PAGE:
INTO THE ABYSS: A TALE OF DEATH, A TALE OF LIFE (Werner Herzog, 2011)
IFC Center, 323 Sixth Ave. at Third St., 212-924-7771
Lincoln Plaza Cinema, 1886 Broadway at 63rd St., 212-757-2280
Opens Friday, November 11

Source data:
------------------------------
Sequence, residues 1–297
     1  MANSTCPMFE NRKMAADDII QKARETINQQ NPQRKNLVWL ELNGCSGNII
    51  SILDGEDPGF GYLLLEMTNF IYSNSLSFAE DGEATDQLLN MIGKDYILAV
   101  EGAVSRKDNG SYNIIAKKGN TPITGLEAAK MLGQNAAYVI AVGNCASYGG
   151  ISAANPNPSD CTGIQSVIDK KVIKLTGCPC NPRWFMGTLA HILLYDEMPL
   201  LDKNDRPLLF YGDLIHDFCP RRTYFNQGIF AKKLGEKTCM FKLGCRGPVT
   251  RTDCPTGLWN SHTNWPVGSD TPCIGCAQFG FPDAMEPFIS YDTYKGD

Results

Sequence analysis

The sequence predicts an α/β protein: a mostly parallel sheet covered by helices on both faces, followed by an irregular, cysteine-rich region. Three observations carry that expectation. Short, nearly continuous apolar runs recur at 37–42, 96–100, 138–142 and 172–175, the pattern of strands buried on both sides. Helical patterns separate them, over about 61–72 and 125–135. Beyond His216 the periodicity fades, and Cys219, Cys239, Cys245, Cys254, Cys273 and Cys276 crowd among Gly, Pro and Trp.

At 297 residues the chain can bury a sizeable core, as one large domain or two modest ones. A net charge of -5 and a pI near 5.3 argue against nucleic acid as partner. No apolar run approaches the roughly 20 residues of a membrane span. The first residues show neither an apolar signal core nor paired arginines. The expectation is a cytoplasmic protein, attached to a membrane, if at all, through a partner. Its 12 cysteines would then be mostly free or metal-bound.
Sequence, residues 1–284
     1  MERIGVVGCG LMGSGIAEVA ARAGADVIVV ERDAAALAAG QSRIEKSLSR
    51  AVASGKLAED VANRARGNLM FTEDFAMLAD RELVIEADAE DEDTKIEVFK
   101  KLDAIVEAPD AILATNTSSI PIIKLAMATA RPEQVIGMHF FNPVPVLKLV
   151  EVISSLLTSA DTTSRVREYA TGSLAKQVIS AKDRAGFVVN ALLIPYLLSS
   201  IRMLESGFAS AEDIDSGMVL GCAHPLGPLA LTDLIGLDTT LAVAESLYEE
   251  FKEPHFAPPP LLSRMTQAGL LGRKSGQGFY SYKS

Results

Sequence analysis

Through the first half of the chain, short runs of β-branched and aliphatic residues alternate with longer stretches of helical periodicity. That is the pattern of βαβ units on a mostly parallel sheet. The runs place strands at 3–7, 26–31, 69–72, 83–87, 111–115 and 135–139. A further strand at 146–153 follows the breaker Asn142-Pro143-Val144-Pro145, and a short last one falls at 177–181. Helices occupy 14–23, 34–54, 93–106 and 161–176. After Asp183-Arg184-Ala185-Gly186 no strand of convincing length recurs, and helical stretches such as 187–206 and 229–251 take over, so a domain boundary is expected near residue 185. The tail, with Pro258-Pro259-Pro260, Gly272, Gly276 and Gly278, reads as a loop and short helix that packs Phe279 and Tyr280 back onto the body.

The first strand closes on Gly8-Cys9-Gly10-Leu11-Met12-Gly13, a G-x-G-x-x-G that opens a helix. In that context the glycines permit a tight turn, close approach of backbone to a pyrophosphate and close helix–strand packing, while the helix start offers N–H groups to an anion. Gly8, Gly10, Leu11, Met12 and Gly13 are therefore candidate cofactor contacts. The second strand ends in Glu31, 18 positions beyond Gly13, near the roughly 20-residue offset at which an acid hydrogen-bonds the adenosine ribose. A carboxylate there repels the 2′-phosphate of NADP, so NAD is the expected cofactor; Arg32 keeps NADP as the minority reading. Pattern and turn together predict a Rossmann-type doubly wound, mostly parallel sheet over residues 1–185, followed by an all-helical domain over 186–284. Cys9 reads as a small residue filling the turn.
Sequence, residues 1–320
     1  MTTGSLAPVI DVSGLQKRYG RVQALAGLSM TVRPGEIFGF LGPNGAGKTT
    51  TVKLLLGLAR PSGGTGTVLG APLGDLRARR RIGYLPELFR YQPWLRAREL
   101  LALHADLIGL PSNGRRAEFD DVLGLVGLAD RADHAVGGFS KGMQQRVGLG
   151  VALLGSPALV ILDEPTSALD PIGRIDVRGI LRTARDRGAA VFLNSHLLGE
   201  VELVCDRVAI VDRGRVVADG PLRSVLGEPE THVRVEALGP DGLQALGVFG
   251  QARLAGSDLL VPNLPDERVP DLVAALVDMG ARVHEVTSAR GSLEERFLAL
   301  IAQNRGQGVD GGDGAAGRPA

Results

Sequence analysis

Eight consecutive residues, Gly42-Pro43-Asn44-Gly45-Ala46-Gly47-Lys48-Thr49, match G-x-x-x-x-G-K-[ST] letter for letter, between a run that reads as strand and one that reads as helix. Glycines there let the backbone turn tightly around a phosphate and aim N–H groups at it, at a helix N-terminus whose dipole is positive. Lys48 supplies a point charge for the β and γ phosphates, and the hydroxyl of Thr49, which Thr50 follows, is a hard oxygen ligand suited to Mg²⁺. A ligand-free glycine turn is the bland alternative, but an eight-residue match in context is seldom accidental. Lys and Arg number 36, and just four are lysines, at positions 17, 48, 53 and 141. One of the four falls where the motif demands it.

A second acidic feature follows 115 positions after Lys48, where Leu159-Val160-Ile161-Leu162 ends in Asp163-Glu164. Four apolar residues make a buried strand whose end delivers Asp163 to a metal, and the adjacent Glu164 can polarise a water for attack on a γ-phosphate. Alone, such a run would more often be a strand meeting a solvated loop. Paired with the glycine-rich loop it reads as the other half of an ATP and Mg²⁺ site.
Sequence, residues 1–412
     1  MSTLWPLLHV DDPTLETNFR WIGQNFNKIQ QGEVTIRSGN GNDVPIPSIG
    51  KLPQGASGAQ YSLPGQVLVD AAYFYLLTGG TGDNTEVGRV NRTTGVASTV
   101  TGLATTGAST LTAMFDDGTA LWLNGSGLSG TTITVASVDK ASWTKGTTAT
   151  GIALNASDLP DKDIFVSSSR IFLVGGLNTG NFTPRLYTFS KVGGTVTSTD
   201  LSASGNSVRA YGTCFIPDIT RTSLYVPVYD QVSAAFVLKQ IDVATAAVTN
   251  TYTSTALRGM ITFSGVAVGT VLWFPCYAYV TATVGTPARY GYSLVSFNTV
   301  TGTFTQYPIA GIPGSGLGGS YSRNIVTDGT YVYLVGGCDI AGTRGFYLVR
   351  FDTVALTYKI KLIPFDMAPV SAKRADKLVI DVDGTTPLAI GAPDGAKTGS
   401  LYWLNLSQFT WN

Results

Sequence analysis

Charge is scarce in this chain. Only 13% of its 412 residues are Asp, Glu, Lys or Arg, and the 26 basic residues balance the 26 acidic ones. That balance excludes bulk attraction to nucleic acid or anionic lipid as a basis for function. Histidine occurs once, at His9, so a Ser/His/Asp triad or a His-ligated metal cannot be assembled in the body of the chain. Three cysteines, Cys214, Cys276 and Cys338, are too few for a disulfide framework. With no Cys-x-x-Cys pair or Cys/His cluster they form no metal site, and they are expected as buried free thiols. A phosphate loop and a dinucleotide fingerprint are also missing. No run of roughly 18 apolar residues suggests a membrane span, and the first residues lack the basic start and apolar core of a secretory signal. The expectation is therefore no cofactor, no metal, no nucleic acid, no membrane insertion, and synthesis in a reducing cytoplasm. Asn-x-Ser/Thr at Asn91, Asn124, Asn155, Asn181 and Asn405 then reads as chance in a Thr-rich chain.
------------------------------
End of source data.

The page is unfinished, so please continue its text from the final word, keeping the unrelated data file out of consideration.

Upon meeting convicted murderer Michael James Perry on Death Row eight days before the twenty-eight-year-old was going to be executed by the state of Texas, master filmmaker Werner Herzog tells him, “I have the feeling that destiny, in a way, has dealt you a very bad deck of cards. It does not exonerate you, and when I talk to you, it doesn’t necessarily mean that I have to like you, but I respect you, and you are a human being, and I think human beings should not be executed.” After explaining his personal view on capital punishment, Herzog then lets the rest of the compelling documentary Into the Abyss: A Tale of Death, a Tale of Life play out like a police procedural as he investigates how and why two teenage boys murdered three people in October 2001. Herzog opens the film by speaking with Death House chaplain Rev. Richard Lopez in a potter’s field graveyard, then follows that with four sections that detail the crime, the community in which it occurred, and the family members on both sides of the law affected by the grisly, senseless murders. Herzog divides the film into four primary chapters — “The Crime,” “The Dark Side of Conroe,” “Time and Emptiness,” and “A Glimmer of Hope” — as he talks with the often smiling Perry and his cohort, Jason Aaron Burkett; Lt. Damon Hall, who shares the specific aspects of the murders of Sandra Stotler, her seventeen-year-old son, Adam, and Adam’s friend Jeremy Richardson, supplemented by original crime-scene video; Charles Richardson, Jeremy’s older brother; Lisa Stotler-Balloun, Adam’s sister, who has seen more than her fair share of loss; Melyssa Thompson-Burkett, who fell in love with Burkett after he was incarcerated; Delbert Burkett, Jason’s stepfather, who is also behind bars; and Captain Fred Allen, who oversaw executions in the Huntsville prison. Herzog asks penetrating but not leading questions that get the subjects to talk openly and honestly about the crime and its aftermath and their lives in general, many of which seem trapped in a vicious cycle of violence, jail, poor education, and other endless hardships. Into the Abyss is a powerful film that, because of Herzog’s extremely sensitive handling of an extremely controversial topic, is not nearly as polemical or political as it could have been. Into the Abyss, which was the opening-night gala selection of the recent “Doc NYC” festival, opens November 11 at the IFC Center and Lincoln Plaza.